In the spring of 1938, Wolfe was invited to lecture at Purdue University. From there he started on a trip to the West, stopping at Denver and making a great sweep through the national park country. In Seattle, he was ill with a cold, locally diagnosed as pneumonia; he was moved to a hospital, and his brother Fred was called West to attend him. When his condition grew worse, Fred Wolfe was joined by his sister, Mabel Wheaton. Consulting physicians suspected a brain tumor and believed that an operation was indicated. The family conference determined that any operation should be done at Johns Hopkins, in Baltimore, and there Wolfe was brought in August. The operation revealed multiple tuberculosis of the brain. Wolfe never came out of the coma that followed the operation, and he died in Baltimore on September 15, 1938, less than a month before his thirty-eighth birthday. His body was taken to Asheville for burial; only in death could the wanderer “go home again.”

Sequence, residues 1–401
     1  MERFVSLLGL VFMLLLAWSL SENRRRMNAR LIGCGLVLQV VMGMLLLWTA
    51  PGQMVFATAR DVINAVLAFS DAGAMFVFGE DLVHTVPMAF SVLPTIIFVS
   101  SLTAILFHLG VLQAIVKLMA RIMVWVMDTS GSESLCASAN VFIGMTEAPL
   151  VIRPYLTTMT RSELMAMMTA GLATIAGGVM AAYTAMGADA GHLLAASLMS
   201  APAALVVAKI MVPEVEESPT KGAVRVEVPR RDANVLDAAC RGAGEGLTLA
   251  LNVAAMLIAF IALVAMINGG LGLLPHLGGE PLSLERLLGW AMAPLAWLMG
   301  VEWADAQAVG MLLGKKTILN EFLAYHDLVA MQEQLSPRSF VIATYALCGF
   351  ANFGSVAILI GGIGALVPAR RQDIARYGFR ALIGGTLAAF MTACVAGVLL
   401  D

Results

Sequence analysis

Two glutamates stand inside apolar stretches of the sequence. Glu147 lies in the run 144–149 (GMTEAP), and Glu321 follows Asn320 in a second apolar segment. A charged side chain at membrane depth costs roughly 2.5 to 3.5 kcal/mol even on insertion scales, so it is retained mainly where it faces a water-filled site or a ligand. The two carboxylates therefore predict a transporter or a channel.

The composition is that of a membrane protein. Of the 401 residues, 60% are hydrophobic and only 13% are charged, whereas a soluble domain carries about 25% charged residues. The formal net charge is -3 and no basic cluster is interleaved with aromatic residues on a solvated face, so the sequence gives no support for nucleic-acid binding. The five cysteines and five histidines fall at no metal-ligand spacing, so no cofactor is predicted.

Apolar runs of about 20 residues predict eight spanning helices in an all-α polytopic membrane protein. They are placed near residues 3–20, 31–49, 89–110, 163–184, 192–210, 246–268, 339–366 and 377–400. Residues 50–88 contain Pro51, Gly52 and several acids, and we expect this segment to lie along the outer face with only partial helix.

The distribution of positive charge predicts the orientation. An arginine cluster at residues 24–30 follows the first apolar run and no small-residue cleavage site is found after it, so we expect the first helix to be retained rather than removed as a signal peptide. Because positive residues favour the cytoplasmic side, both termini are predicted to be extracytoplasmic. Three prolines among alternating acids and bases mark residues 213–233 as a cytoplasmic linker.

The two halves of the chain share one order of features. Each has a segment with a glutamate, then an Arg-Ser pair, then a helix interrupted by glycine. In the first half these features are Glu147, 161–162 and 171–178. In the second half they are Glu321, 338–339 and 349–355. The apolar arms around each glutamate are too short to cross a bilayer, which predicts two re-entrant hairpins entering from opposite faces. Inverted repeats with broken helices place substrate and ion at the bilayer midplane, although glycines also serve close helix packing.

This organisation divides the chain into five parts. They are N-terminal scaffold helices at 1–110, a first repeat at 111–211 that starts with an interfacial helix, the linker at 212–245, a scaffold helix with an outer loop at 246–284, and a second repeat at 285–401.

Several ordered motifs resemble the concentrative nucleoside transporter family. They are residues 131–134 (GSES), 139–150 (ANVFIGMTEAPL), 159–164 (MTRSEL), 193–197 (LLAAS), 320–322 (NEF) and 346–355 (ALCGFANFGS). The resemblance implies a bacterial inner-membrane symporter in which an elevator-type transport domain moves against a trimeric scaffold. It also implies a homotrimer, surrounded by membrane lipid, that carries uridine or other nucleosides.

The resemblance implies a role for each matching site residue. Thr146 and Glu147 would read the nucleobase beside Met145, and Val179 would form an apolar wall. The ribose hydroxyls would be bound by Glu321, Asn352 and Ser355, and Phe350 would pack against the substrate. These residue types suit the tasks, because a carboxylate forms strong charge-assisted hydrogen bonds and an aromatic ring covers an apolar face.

Wolfe’s third and fourth novels, The Web and the Rock and You Can’t Go Home Again, were readied for posthumous publication by Edward C. Aswell, Wolfe’s editor and personal friend at Harper. The novels added to Wolfe’s stature and brought his fictional work to a reasonable conclusion. In 1941 The Hills Beyond appeared (another series of short stories and sketches), as did “The Hills Beyond,” a fragmentary and incomplete novel introducing some of the Gant-Webber family members of an earlier time in the Carolina mountains. Mannerhouse, a play first written by Wolfe during his stay at Harvard, appeared in published form in 1948.
Even before his death, Thomas Wolfe was becoming a legend. Everything about him seemed larger than life—not only his physical appearance but also his compulsion to record every detail of his personal quest for identity. His capacity for recalling and rendering all of life’s experiences almost obviated the need for a biographer. More important, Wolfe’s attempt to understand and define his own isolation led to more understanding of the human condition.